Historian Damon L. Fordham and City of Charleston Mayor John Tecklenburg reflect on Charleston’s past and present, and how history has shaped their commitment to social justice and racial equity at the November 15th Living Your Truth conversation. Sponsored by the Sophia Institute’s Social Justice, Racial Equity Collaborative, this Living Your Truth event will be back at at Mount Zion AME Church from 6 pm until 8 pm, but this time on a Thursday. The moderator of this conversation will be Marion A. Gill, who recently became the Director of Museum Planning and Operations at the International African American Museum after working at the Smithsonian Institution for more than 30 years where she played key roles in the planning, opening, and operating of the National Museum of the American Indian and the National Museum of African American History and Culture.
Damon L. Fordham is a local historian, author, lecturer and member of Friendship AME Church. Fordham received his Master’s Degree in history from the College of Charleston and The Citadel, and his undergraduate degrees at the University of South Carolina in Columbia. He currently teaches Western Civilization at The Citadel. He has also taught U.S. History and African-American Studies, at the Charleston Southern University and the College of Charleston. He has even taught GED classes to inmates at the Charleston County Detention Center through the Trident Literacy Association, and is proud of assisting 28 inmates in getting their high school equivalency diplomas. A writer, Professor Fordham was a weekly columnist for the Charleston Coastal Times from 1994 to 1998, as well as the author of Voices of Black South Carolina-Legend and Legacy (Charleston: History Press, 2009), True Stories of Black South Carolina (Charleston: History Press, 2008), Mr. Potts and Me (Evening Post Books, 2012), and co-author of Born to Serve-The Story of the WBEMC in South Carolina in 2006. He has served as a commentator for the British Broadcasting Company documentary The Real Amos and Andy, and the South Carolina Educational Television documentaries All the Children of All the People, Where Do We Go from Here, and Africans in America-A South Carolina Perspective. His television appearances also include the Turner South Network Commercial My South Speaks (2006) and the History Channel Documentary All for Liberty (2005). His motto is “educate yourself to lead yourself, for if you wait on others to show you the way, you will wait for a long time.”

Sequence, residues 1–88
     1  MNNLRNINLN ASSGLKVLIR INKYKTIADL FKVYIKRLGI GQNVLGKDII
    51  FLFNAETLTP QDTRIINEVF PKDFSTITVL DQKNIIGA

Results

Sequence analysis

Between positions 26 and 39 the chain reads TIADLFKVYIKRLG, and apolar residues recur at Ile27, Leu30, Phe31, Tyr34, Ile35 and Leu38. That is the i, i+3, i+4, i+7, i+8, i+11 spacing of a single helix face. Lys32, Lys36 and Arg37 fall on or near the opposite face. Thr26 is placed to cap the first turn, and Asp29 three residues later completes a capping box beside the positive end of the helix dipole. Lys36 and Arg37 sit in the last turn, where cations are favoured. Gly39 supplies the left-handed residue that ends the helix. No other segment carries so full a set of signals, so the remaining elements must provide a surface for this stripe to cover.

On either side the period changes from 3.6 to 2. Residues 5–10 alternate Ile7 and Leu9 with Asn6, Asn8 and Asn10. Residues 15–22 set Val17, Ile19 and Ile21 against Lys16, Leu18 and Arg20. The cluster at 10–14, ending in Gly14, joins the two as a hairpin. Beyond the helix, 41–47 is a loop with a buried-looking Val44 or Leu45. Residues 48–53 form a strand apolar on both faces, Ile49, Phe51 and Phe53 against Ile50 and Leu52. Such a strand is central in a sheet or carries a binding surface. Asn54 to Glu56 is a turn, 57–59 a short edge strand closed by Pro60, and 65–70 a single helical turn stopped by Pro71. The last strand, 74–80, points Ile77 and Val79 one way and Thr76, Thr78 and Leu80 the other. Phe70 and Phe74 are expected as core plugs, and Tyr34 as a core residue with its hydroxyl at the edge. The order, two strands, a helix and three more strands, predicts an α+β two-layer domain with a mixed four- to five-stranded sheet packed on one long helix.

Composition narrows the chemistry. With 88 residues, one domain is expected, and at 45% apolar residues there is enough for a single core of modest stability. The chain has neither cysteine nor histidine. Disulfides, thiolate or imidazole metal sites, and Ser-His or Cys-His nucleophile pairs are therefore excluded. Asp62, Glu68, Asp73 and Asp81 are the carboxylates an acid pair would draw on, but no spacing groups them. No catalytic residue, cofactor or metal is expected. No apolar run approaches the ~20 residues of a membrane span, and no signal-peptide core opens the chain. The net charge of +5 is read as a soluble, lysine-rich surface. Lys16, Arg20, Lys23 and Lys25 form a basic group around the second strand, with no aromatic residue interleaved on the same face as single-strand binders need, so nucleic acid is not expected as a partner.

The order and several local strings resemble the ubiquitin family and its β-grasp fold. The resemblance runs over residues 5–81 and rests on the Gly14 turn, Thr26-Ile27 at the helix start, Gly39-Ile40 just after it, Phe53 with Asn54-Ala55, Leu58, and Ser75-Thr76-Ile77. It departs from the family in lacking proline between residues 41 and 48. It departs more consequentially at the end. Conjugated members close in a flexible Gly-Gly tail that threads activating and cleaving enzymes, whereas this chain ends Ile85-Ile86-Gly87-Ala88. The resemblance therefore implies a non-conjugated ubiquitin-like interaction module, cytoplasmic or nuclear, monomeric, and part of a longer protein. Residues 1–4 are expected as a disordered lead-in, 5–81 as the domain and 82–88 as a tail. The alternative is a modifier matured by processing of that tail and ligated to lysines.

Mayor John Tecklenburg has been the City of Charleston Mayor since 2016. Tecklenburg graduated from Georgetown University and attended the Berklee College of Music in Boston where he pursued his lifelong passion for music and jazz. After graduation, he returned to Charleston where he founded, owned and operated Southern Oil Company for nearly 20 years. Upon selling his business, Tecklenburg served as the City of Charleston’s Director of Economic Development and was tasked to help lead the revitalization of Upper King Street. Since becoming mayor in 2016, Tecklenburg’s efforts include improving city-wide livability, implementing the City of Charleston Sea Level Rise Strategy, addressing housing affordability and homelessness in Charleston and working to revitalize West Ashley. Tecklenburg and his wife Sandy, who reside in Old Windemere, are the parents of five grown children.
The Social Justice, Racial Equity Collaborative, convened by The Sophia Institute, seeks a just, sustainable, and thriving community where all people are empowered to fulfill their human potential. With its 37 member Council and multiple Engagement Partners, the SJRE Collaborative works from the inside out to recognize a healthy, diverse, and inclusive community grows out of an acknowledgement of interdependence and shared humanity. By addressing the challenges that emerge from structural and institutional racism, the SJRE Collaborative is working to transform Charleston into a more just and equitable place to live, work, and thrive. The SJRE Collaborative is nonpartisan and does not support candidates or parties. This conversation is the tenth duet in a series, which began last year.
This is a free event. Registration is requested to help with planning at The Sophia Institute under events.